Jan Piter Renuth is the Raja (King) of Loorlobay, one of the three kings of Kei Besar, a small island in Indonesia’s Eastern Maluku Regency. At 86 years old, the Raja is deaf in both ears. As he greets us, he jokes that having lost both his hearing and his teeth, his eyes will be the next to go. He passes around a brass prayer box containing a coconut kernel, some tea leaves, a small bowl of water, and 17,000 rupiah (the equivalent of about US$1.25). He asks that everyone gathered stare into the prayer box for long enough to reveal his or her soul. He nods in approval as the box is passed from person to person. Behind him, a saltwater crocodile as long as a man is tall lies asleep in a cage; its presence is never explained.
We’re meeting with the Raja as part of a multiyear ecological and social monitoring project, for which WWF—in collaboration with a diverse team of experts (see below)—is gathering much-needed data on the impacts of marine protected areas (MPAs). Our conclusions will help inform local marine management decisions, shape global policy on when and where MPAs can be effective tools for conservation, and influence the design of new MPAs in Indonesia.
One of our tasks is to learn from the people who live here what they are doing to protect the marine resources they rely on. The Raja begins by describing sasi, a traditional resource management system that is common among coastal communities in eastern Indonesia. It is primarily a set of rules regarding the use—or restriction of use—of natural resources. To clarify the rules, the Raja displays an array of signs, made mostly from coconut palm, and explains the varying degrees of sasi prohibition that each denotes. Punishments for noncompliance start at a stern telling off, he claims, but escalate with astonishing quickness to capital punishment. He drives this last claim home with one of the many swords he has laid out on the table. The Raja is as theatrical as he is observant of tradition.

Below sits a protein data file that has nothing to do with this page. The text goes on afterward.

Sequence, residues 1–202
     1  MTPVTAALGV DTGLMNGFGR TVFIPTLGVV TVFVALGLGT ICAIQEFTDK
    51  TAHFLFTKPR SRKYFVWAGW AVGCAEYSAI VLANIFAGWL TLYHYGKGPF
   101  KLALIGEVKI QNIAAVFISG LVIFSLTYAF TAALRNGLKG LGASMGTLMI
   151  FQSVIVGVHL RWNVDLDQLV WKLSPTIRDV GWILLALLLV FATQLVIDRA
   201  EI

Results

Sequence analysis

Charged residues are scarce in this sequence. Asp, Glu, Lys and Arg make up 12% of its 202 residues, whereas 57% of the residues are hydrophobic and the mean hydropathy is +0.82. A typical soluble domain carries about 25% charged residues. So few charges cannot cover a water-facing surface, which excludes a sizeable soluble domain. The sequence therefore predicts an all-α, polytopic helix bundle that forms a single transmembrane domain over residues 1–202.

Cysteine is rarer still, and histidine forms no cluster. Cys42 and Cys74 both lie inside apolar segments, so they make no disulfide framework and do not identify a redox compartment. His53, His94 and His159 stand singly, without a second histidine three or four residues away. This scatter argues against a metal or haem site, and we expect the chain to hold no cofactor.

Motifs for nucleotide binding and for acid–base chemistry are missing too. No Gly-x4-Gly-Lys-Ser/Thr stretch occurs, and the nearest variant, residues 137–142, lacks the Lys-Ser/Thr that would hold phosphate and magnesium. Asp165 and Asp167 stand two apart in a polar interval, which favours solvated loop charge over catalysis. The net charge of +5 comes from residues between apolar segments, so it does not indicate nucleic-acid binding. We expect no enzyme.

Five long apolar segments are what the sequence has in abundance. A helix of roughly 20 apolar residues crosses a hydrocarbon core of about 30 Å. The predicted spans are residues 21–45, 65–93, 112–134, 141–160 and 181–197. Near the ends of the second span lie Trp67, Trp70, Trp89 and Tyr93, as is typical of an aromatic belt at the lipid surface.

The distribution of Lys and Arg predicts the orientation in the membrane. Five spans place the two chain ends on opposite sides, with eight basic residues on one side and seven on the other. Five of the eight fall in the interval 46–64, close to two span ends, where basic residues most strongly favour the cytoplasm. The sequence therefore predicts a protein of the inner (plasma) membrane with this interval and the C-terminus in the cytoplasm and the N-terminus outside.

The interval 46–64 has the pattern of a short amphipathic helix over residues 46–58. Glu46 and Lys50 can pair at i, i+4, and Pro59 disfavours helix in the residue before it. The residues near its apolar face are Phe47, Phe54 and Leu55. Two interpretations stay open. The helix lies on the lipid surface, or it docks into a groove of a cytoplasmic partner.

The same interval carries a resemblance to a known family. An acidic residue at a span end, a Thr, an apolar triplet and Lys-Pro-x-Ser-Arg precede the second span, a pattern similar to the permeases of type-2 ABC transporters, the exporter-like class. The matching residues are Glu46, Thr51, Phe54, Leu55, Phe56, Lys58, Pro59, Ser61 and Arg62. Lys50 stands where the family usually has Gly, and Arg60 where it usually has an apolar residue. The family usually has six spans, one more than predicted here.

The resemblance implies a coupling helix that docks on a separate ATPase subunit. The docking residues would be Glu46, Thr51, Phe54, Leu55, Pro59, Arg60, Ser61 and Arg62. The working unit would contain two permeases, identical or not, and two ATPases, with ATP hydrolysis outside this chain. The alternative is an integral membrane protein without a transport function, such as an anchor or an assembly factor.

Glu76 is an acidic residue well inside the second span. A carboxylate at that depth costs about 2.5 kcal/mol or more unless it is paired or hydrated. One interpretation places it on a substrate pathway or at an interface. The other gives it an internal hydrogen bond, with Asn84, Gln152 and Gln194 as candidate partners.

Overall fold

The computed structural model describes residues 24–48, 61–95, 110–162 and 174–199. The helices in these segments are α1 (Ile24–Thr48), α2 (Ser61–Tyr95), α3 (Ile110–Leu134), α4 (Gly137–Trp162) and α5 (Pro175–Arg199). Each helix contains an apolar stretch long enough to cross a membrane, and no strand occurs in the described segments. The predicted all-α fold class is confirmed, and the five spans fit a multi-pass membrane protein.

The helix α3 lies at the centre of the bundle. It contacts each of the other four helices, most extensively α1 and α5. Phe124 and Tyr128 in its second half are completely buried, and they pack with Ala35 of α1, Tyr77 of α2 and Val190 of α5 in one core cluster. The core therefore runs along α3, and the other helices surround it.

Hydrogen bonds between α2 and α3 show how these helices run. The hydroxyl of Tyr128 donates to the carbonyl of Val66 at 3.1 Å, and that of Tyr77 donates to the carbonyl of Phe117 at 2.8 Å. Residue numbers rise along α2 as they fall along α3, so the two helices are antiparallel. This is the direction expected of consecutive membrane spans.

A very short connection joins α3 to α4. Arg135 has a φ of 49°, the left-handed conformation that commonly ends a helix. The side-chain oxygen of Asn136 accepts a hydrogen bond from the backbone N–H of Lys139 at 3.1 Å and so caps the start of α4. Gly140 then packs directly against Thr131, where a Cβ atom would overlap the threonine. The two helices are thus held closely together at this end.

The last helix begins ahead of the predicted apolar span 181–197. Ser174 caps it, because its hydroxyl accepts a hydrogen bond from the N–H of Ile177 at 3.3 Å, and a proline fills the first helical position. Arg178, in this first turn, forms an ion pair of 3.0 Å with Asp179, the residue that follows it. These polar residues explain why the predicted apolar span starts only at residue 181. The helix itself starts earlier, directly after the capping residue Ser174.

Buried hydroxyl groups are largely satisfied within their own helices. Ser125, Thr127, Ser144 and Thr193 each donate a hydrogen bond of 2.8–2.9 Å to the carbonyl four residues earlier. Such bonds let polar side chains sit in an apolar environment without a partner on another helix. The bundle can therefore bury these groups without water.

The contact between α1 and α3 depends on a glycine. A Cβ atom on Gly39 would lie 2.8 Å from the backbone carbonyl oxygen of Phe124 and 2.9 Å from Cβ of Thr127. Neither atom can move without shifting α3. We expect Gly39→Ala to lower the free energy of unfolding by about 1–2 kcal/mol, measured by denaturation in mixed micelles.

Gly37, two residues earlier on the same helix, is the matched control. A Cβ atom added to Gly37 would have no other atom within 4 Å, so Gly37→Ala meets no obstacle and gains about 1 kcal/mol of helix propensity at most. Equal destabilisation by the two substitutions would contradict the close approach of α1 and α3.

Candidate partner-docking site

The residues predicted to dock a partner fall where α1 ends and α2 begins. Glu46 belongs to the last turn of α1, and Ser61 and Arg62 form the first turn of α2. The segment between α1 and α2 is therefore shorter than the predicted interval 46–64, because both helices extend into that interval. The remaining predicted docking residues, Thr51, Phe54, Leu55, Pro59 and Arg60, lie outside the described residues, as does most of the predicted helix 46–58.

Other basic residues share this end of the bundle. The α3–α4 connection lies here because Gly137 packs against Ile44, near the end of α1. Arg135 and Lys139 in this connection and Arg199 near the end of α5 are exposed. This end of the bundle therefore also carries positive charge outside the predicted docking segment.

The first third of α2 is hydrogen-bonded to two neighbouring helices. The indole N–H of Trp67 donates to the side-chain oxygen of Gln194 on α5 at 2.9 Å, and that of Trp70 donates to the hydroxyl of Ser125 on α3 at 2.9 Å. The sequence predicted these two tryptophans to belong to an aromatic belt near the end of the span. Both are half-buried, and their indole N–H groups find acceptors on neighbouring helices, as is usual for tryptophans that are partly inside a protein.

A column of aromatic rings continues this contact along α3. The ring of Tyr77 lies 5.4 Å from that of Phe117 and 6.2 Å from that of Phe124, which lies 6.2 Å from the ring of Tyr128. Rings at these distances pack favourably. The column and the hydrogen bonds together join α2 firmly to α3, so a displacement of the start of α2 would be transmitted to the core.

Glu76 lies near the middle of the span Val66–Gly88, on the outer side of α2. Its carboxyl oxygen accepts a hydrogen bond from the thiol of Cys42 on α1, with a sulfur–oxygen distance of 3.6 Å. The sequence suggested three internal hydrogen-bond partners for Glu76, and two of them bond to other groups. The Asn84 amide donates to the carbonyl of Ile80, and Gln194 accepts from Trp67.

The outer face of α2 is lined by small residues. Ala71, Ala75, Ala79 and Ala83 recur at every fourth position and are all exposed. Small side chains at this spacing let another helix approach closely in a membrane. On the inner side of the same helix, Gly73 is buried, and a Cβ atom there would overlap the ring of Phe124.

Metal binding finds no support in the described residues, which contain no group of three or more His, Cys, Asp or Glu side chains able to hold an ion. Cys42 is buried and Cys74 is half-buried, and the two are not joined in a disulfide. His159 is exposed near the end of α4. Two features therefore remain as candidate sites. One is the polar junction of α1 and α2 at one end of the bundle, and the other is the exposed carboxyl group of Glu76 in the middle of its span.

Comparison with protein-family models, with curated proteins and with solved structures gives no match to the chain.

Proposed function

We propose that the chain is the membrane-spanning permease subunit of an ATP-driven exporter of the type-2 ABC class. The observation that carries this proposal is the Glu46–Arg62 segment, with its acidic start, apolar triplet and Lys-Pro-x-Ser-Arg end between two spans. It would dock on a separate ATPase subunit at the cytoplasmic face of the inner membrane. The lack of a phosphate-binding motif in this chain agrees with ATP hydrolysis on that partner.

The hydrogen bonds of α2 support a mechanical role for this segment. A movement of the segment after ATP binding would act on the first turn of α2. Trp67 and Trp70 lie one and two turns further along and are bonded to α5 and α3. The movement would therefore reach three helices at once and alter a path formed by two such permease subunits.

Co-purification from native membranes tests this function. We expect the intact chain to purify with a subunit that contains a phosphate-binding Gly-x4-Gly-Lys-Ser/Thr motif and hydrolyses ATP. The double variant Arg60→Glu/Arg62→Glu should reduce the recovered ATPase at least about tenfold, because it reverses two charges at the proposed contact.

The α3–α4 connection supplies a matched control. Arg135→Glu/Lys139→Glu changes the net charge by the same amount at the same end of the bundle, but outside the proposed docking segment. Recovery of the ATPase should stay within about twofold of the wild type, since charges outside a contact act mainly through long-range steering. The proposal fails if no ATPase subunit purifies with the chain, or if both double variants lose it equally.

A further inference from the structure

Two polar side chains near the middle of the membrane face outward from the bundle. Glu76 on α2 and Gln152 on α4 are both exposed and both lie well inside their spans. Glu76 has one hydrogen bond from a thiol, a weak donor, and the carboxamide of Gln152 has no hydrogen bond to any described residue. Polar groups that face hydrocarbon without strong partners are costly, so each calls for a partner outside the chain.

Sasi and related forms of customary property rights are just some of the many factors that make marine ecosystem management so complex in Indonesia. A bewildering patchwork of policies; more than 300 ethnic groups; and a mix of interconnected coastal systems (including mangroves, coral reefs, and seagrass beds) and oceanic ecosystems make a one-size-fits-all approach to conservation impossible.
That’s why WWF’s Gabby Ahmadia, senior marine scientist, and Louise Glew, lead scientist for monitoring and evaluation, have taken up the challenge of disentangling all the myths, half-truths, and unproven theories about the impacts of MPAs across the archipelago. It’s no small task. Glew jokes: “Since my wedding, I’ve spent more time with Gabby than with my husband.”
Five years into the monitoring study, almost half a million fish have been counted and more than 3,500 households have been interviewed, making it by far the largest study of its kind ever conducted.
“Getting to the right amount of data takes time and thoughtful planning,” says Glew.
“And the right amount of data is lots and lots,” Ahmadia adds with a smile.